Mummified animals discovered from Ice Age – with fur intact

Long Lunch 20/09/2018
The preserved wolf pup. Photo: Government of Yukon.

The preserved remains of a wolf pup and caribou have given the world a glimpse of life some 50,000 years ago in Canada.

The creatures, which were found in 2016 in the Yukon by gold miners, have been determined to be among the oldest mummified mammal soft tissue in the world.

“It’s incredibly rare,” said Grant Zazula, a Yukon palaeontologist.

The wolf pup was likely to have been around eight weeks old when it died, says Yukon palaeontologist Grant Zazula.

“It looks like a little puppy that maybe died last week and got taxidermied... It’s cute, it really is.”

According to the BBC, the caribou remains include the torso, head, and front limbs.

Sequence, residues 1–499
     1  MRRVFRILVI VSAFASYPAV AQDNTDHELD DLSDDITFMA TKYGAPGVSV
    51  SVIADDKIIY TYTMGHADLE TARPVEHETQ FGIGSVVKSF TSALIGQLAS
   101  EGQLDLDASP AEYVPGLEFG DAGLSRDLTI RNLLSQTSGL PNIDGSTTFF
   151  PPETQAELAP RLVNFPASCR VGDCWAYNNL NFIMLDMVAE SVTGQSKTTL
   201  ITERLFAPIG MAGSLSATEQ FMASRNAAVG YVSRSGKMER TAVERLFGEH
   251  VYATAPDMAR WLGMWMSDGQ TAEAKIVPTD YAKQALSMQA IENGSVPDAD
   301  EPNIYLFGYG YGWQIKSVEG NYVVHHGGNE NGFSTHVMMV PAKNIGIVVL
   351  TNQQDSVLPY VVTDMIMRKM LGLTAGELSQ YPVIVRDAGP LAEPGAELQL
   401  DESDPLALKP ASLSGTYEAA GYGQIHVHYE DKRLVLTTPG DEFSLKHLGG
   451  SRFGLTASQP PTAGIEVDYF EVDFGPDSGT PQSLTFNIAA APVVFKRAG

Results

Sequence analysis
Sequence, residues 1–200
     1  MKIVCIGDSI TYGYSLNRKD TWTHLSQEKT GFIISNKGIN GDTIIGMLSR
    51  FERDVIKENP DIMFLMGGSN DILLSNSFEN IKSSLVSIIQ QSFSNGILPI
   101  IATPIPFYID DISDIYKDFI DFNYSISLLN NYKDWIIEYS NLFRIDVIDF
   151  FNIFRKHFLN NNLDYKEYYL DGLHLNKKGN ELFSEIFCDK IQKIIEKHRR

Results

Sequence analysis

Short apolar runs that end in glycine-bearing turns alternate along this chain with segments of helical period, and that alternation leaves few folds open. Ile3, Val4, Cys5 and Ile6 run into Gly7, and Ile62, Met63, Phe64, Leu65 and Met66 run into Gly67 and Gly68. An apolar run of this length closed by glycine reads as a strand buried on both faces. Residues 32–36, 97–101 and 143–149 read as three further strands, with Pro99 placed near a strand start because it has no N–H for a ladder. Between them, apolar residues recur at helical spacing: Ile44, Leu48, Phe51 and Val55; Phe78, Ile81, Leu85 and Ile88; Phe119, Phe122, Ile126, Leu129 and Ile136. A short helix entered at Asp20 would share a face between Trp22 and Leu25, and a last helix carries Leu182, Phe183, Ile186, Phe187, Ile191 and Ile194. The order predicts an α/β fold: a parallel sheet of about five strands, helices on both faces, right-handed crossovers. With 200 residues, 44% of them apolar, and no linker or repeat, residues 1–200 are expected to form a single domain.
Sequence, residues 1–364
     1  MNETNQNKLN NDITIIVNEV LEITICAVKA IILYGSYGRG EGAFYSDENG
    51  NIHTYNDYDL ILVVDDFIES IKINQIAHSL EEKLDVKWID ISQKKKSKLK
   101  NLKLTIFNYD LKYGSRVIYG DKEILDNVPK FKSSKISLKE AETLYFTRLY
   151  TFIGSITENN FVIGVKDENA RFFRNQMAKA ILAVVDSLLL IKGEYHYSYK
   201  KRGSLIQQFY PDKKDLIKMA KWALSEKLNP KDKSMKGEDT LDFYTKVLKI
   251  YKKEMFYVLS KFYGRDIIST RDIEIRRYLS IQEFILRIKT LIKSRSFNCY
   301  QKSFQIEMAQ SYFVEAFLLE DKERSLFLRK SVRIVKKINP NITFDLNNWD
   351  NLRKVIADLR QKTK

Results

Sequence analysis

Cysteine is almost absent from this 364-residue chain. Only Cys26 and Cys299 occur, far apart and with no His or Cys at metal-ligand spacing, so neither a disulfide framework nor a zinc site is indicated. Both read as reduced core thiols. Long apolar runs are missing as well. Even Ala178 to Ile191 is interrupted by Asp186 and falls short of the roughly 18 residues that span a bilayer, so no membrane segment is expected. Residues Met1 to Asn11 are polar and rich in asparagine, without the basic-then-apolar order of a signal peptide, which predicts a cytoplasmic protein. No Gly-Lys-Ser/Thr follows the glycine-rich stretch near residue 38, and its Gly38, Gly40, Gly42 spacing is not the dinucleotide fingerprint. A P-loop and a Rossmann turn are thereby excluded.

Both animals were discovered with fur, skin, and muscle tissue intact.

Photo: Government of Yukon.

The mummified animals were likely preserved due to the Yukon’s notoriously cold environment, where the animals were probably buried by sediment and then encased in permafrost.  

“It’s really like an animal that was kept in a deep freeze for 50,000 years,” he told RadioLIVE.

While the woolly mammoth and a now-extinct species of camel once roamed this rugged area of Canada, both the wolf and caribou remain species that continue to live in the Yukon.

The remains are anticipated to help the science community understand the Canadian landscape during the Ice Age. 

Listen to all the full interview with Grant Zazula above.

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